A Lithuanian company called Planner 5D is suing both Facebook and Princeton University for stealing its artificial intelligence training data — an early skirmish in the strange new legal frontiers of AI.
Princeton computer scientists scraped more than 45,000 files from Planner 5D's software, according to a lawsuit filed on Wednesday, and used them to train their artificial intelligence algorithms. They then made that information, which they named the SUNCG dataset, available to other computer vision and artificial intelligence researchers, the legal document claims.
Through partnerships with Princeton, the data made its way into the hands of Facebook scientists, who used it to develop the company's AI — and the lawsuit also suggests that the data could have benefitted Facebook's virtual reality company, Oculus.
Facebook made the dataset, full of original and lightly-modified Planner 5D files, available as a resource to contestants in the 2019 Scene Understanding and Modeling challenge for computer vision researchers, who are competing for a cash prize and a speaking slot at a conference later this month.
In short, Planner 5D claims that Princeton and Facebook have benefited off data that was wrongfully taken from it — and now the company wants them to pony up.
Let's Back Up
Planner 5D offers software that lets users design homes, buildings, and interiors by arranging 3D models of various objects. It's sort of like building a home in "The Sims," except it's meant for people who will actually build their creations. People can also navigate their designs in virtual and augmented reality simulations.
Per the lawsuit, Planner 5D says it created 3D models of over 4,500 objects as well as over a million pre-designed scenes for use through its software. All of that data, the company says, is invaluable for scientists training AI algorithms to navigate physical spaces and recognize objects.
Alexey Sheremetyev, CEO and Founder of Planner 5D, declined to answer specific questions about the ongoing lawsuit. But he gave Futurism a general statement on the matter.
"A copy of our data has been used by researchers at Princeton, Facebook, and elsewhere," he said. "We are very troubled by this, because this is a core asset of our company. We spent a lot of time and money creating this asset. We think this data is a key ingredient for AI scene-recognition research. We brought this lawsuit to address what we regard as a serious threat to our company."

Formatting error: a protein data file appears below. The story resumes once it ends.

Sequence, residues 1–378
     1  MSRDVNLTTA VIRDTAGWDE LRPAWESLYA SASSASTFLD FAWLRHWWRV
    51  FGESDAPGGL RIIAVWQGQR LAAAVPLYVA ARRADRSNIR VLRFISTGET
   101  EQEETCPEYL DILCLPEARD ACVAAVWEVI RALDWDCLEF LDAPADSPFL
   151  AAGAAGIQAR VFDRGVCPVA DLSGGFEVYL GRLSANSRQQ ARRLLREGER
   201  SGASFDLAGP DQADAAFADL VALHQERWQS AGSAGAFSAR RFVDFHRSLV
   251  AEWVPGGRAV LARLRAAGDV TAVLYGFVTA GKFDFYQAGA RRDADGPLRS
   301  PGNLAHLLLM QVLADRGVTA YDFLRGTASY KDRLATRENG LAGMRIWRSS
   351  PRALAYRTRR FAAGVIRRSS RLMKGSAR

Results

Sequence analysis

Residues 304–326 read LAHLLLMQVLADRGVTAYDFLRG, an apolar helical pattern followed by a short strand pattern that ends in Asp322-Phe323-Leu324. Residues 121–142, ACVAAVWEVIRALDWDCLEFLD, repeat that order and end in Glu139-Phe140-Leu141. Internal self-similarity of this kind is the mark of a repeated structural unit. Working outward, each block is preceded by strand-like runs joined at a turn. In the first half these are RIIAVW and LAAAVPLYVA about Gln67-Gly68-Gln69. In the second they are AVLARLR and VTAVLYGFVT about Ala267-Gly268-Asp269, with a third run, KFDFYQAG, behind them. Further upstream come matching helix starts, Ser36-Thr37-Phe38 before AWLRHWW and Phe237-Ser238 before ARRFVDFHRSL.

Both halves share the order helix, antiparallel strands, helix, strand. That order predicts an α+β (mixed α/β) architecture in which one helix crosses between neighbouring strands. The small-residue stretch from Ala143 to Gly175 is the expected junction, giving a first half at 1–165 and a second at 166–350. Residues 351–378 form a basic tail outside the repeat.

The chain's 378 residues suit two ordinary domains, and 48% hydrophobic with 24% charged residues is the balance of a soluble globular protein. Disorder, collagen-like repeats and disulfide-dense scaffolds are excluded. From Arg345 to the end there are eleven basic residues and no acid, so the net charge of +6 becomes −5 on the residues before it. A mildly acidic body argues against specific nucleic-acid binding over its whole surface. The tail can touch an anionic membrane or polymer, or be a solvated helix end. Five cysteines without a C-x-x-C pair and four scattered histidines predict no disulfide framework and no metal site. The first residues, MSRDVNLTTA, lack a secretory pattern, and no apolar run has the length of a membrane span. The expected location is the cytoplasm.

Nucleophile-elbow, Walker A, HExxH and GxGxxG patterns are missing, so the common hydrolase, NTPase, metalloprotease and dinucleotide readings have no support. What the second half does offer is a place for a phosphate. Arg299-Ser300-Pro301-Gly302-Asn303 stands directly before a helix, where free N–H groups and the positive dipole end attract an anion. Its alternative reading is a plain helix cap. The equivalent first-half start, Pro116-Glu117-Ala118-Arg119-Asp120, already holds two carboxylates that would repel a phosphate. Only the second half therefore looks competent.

A Princeton representative declined to comment for this story. As of this article's publication, Facebook representatives have not responded to multiple requests for comment.
The URL for the SUNCG dataset provided in the court filings now redirects to Princeton's homepage, suggesting that it has been removed. But the page still shows up in the website directory, and references to the dataset exist on other pages of Princeton's website as of June 7. A previously-archived version of the website shows that the dataset was available to researchers as recently as October 2018.
Princeton University scientists, collaborating with Adobe Research, first published AI research that used the SUNCG dataset in late 2016. The next year, Princeton computer scientist Thomas Funkhouser presented Facebook-funded studies that used the SUNCG dataset to teach computers to navigate indoor environments. In that presentation, he identified "data" as the main roadblock for the field of 3D scene understanding research.
The best place to find that data, according to the lawsuit, was Planner 5D. That 2016 study acknowledges that the 3D models used to train the AI system were downloaded from Planner 5D's website. And thanks to partnerships with Princeton, Facebook got its hands on the data shortly thereafter, using it to further company's own computer vision and virtual reality research.
Both Facebook and Princeton scientists shared the data, which originated from Planner 5D, with scientists in their field, according to the suit. While this open-source mindset — common among computer scientists and AI developers — can accelerate scientific progress, it only really works when everyone agrees to share, not when one group helps itself to another's work.
In this case, Planner 5D wants Princeton and Facebook to pay up, arguing that its continued success depends on its sole ownership of the models and scenes that it created.
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